Stevland Morris a/k/a Stevie Wonder v. Enrique Matta
Claim Number: FA0805001189962
Complainant is Stevland Morris a/k/a Stevie
Wonder (“Complainant”), represented
by Stephen J. Strauss, of Fulwider Patton LLP,
REGISTRAR AND DISPUTED DOMAIN NAME
The domain name at issue is <steviewondertickets.com>, registered with Domainbank.
The undersigned certifies that he has acted independently and impartially and to the best of his knowledge has no known conflict in serving as Panelist in this proceeding.
David E. Sorkin as Panelist.
Complainant submitted a Complaint to the National Arbitration Forum electronically on May 9, 2008; the National Arbitration Forum received a hard copy of the Complaint on May 12, 2008.
On May 12, 2008, Domainbank confirmed by e-mail to the National Arbitration Forum that the <steviewondertickets.com> domain name is registered with Domainbank and that the Respondent is the current registrant of the name. Domainbank has verified that Respondent is bound by the Domainbank registration agreement and has thereby agreed to resolve domain-name disputes brought by third parties in accordance with ICANN’s Uniform Domain Name Dispute Resolution Policy (the “Policy”).
On May 14, 2008, a Notification of Complaint and Commencement of Administrative Proceeding (the “Commencement Notification”), setting a deadline of June 3, 2008 by which Respondent could file a Response to the Complaint, was transmitted to Respondent via e-mail, post and fax, to all entities and persons listed on Respondent’s registration as technical, administrative and billing contacts, and to email@example.com by e-mail.
A four-paragraph electronic communication unaccompanied by any evidence or other supporting documentation was received from Respondent via the Forum’s website on June 2, 2008. The communication was not received in hard copy by fax or mail, as required by the Forum’s Supplemental Rules 5(c) and 5(d). Nor did it include the statement certifying its accuracy that is required by Paragraph 5(b)(viii) of ICANN’s Rules for Uniform Domain Name Dispute Resolution Policy (the “Rules”).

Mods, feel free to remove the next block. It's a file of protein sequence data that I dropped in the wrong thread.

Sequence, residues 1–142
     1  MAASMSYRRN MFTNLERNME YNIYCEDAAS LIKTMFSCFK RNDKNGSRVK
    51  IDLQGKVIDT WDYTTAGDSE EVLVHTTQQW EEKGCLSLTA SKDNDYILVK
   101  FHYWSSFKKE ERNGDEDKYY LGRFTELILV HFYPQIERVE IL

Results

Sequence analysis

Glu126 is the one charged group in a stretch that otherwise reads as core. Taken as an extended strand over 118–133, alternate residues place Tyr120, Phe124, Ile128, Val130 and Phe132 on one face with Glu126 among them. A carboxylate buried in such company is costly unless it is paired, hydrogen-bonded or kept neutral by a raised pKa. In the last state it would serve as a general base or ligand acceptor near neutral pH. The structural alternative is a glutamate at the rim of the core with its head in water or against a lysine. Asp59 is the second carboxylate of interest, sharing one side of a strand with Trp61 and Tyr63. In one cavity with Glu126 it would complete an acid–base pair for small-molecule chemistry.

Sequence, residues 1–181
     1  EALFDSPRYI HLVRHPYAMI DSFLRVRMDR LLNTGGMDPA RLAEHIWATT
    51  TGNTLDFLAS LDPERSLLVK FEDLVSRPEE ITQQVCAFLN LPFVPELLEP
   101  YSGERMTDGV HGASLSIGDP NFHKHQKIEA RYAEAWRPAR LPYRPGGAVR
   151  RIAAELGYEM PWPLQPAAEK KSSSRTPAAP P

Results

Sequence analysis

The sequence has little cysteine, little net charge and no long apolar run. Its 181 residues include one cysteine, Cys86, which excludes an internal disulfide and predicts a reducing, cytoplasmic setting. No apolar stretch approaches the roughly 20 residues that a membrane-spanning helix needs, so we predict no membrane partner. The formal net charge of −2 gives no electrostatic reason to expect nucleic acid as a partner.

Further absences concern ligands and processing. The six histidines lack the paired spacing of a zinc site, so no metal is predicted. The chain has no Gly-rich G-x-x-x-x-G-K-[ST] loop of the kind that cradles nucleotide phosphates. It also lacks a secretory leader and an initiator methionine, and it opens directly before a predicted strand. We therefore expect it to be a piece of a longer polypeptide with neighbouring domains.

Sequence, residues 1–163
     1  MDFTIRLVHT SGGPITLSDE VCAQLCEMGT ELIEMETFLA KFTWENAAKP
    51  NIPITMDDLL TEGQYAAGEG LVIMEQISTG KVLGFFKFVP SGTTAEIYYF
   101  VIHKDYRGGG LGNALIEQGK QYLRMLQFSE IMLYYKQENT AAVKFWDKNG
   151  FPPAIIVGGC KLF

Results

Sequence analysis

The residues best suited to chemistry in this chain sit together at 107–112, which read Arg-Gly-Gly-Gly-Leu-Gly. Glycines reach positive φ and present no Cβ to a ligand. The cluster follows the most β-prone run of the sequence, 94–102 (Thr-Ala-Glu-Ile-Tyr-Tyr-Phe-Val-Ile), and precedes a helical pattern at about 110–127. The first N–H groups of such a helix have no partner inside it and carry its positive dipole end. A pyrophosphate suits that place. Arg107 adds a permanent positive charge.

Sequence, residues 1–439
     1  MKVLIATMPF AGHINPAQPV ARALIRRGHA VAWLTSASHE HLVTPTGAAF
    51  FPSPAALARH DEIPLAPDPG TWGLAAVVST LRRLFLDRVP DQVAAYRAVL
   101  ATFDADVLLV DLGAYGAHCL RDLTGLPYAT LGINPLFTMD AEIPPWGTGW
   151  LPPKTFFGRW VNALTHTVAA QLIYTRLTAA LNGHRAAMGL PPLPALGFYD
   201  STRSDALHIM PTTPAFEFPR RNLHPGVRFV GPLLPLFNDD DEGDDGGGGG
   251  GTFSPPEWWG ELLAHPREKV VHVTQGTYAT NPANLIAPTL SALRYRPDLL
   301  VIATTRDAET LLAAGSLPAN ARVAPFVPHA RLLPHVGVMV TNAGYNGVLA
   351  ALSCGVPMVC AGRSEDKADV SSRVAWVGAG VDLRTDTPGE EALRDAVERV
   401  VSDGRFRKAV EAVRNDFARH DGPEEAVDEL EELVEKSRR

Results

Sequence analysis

An Additional Submission was subsequently received from Complainant, identifying various procedural deficiencies in Respondent’s communication and responding in substance thereto.
On June 6, 2008, pursuant to Complainant’s request to have the dispute decided by a single-member Panel, the National Arbitration Forum appointed David E. Sorkin as Panelist.
On June 9, 2008, the Panel entered a Procedural Order notifying the Parties that the Panel would not consider the Respondent’s electronic communication. The Order granted Respondent leave to file a Response no later than July 1, 2008, and stated that such Response would be considered by the Panel only if it complied with and was submitted in accordance with the applicable rules. The Order further stated that any supporting evidence to be considered by the Panel must be submitted with the Response.
The Panel’s Procedural Order also stated that the Panel would not consider Complainant’s Additional Submission, but granted leave to Complainant to file a new Additional Submission in the event that a Response was submitted pursuant to the Order. The Panel ordered that such Additional Submission be limited to matters properly within the scope of such a submission, and clearly identify any grounds warranting consideration of each matter addressed therein.
On June 24, 2008, Respondent resubmitted its previous communication electronically and also submitted a copy by fax. Complainant submitted a response to Respondent’s submission on June 27, 2008.
The Panel declines to consider Respondent’s submission because it lacks the certification statement required by the rules. Even had the required certification been included, Respondent’s claims would not be entitled to significant weight, as they are unaccompanied by any supporting evidence. The Panel also declines to consider Complainant’s response to Respondent’s submission.
Complainant requests that the domain name be transferred from Respondent to Complainant.